Sex & Relationships

Happily Ever After?

When you know yourself and understand your life mission  and have answered the question Whose am I? you are ready to start exploring partnerships.

If you are called to marry, you need a spouse who will support you in your mission not one who will hold you back.

John has discovered he has a women and children’s ministry (as explained in my upcoming book on parenting). As part of his life mission he is called to be a Dad to under-fathered women and to use his authority as a man with children to help them acquire discipline for life. This role requires there to be moments of intimacy between his ‘children’ and himself although John has never been unfaithful to his wife Sarah.

But Sarah does not understand why he is spending all his time on other women and other people’s children? She lashes out at John and constantly belittles his need to get his affection outside the home. John now feels out of place at home and stays out for longer hours. Their marriage is in trouble.

Sex & Relationships

What Makes A Great Partnership?

Great partnerships are much more than the mere coming together of two or more people to tackle everyday tasks. I believe there are at least three things that make partnerships great.

A truly great partnership is where people are on a joint mission united by similar values and enriched by complementary life outlooks.

This means that you and all your partners need to have a good idea of who they are. Ask yourself if it would be possible to meet the criteria for a great partnership listed below if you or your intended partners do not know yourselves.

A Joint

To enter into a meaningful partnership you need to know your God-given mission in life – what were you created for? What has God sent you here to do?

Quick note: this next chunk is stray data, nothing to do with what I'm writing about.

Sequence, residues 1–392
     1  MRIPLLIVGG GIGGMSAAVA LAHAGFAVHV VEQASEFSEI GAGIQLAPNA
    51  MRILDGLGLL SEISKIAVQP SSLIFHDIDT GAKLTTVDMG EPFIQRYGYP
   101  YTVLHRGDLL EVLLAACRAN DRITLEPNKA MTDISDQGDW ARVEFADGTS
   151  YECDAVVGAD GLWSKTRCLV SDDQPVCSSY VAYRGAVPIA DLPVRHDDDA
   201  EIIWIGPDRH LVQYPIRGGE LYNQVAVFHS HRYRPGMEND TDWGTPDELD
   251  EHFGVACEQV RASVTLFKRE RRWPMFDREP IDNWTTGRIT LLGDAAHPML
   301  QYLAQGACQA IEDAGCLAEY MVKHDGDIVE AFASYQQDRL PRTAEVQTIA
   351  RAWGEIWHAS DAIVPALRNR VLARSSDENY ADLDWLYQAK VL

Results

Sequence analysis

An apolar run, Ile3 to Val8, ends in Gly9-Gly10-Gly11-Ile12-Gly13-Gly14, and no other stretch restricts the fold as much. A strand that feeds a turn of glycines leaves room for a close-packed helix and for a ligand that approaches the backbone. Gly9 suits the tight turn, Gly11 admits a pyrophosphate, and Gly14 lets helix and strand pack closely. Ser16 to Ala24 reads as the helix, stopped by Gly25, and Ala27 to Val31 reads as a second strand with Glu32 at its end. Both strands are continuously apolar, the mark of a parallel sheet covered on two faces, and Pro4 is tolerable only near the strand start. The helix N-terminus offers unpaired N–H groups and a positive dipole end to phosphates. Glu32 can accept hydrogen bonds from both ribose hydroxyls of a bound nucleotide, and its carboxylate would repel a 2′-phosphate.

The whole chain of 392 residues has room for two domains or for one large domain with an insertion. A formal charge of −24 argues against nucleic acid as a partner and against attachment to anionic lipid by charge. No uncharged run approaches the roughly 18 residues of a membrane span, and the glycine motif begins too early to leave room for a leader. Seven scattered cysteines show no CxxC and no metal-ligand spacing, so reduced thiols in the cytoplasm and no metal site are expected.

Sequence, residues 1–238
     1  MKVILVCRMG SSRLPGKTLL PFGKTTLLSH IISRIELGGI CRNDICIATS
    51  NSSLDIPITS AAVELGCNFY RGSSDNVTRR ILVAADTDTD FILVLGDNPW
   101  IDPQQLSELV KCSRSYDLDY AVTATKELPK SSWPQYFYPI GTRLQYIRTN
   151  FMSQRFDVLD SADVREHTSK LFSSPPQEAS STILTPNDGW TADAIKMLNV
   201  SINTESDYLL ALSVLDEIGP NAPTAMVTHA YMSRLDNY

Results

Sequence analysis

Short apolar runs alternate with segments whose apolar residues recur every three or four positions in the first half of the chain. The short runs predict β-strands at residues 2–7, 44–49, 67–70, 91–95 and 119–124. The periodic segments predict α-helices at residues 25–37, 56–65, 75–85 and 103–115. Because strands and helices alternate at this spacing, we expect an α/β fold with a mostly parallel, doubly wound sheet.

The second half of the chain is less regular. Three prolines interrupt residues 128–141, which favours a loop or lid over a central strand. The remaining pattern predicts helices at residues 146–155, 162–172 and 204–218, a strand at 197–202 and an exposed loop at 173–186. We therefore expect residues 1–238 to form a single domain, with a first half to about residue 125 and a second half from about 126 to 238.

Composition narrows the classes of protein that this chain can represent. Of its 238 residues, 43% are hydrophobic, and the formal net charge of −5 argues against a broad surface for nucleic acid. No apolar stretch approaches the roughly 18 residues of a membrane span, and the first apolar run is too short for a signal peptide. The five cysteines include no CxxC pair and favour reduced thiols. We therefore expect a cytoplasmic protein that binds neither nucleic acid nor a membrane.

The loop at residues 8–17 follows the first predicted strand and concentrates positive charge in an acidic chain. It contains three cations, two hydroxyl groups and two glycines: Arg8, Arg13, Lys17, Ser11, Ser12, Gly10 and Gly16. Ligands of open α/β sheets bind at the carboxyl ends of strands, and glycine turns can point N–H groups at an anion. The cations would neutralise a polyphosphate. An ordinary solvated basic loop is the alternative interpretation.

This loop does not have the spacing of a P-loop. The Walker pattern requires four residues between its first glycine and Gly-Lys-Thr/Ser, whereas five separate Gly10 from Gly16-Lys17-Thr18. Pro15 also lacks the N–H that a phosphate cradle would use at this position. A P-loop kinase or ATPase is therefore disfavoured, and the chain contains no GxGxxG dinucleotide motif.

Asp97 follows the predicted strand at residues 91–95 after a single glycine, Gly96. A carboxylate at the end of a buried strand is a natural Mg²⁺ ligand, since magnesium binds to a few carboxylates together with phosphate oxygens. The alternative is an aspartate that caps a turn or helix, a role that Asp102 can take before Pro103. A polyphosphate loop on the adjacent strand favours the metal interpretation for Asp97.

Your partners are coming to help you achieve your mission either in your work or your personal life – they cannot do that if you do not know what that mission is. 

Neither can they help you if they don’t know what their missions are. Missions form the heart of any great partnership.


Important personal values that need to considered in partnerships are:

Money and the use of it (spend or save), sex (how often, what type), social status (the desire to mingle with ‘other classes’?), parenting style (liberal or authoritarian?). 

Others are employment options (wife to work or stay at home?), time spent on others (bringing needy cases home or not) and, religious/ spiritual beliefs (Muslims marrying Christians or vice versa).


Zoom-in navigators focus on a future goal prioritizing, making policy, providing a sense of urgency and setting and meeting deadlines. 

Wide-angle collaborators consider many aspects of an issue before acting. They focus on the present and their specialty is building relationships (networking), negotiating and bringing peace. 

Both life outlooks are needed for great ‘full-picture’ partnerships. Find out more at the

Sex & Relationships

The Truth About Sex

Sex is designed by God to work on at least three levels – physical, emotional and spiritual – in order to fully bind together a man and a woman who are committed to each other in marriage. If you dabble in sex outside marriage to satisfy one level of need – to get a physical release, to feel emotionally good or to prove yourself to be a man in your spiritual quest for identity – you are AUTOMATICALLY affected by the other levels of sex as well because they CANNOT be separated. 


We all know about the physical aspects of sex. Once we have a condom we think we are okay but ‘safe sex’ is a great misconception. Condoms, IF USED PROPERLY, can only protect you from sexually transmitted diseases or pregnancy but they do NOTHING to protect you from the emotional and spiritual consequences of sex outside marriage. 


Many of us have sex just to feel loved or connected to others but emotional hunger is satisfied not by sex but by satisfying our emotional needs with good friendships and giving to others. This will meet deep emotional needs in a way sex cannot. Sex is emotional but it is best when it is used as an extension of already satisfied, deep, emotional needs.


We often use sex to answer questions of identity about our manhood or womanhood but we are building up a spiritual connection with each of our sex partners. As a result we MAY be open to various spiritual issues that our sexual partners carry. Most of us are unaware that depression is a particular spiritual problem that we suffer when engaged in sexual lust.

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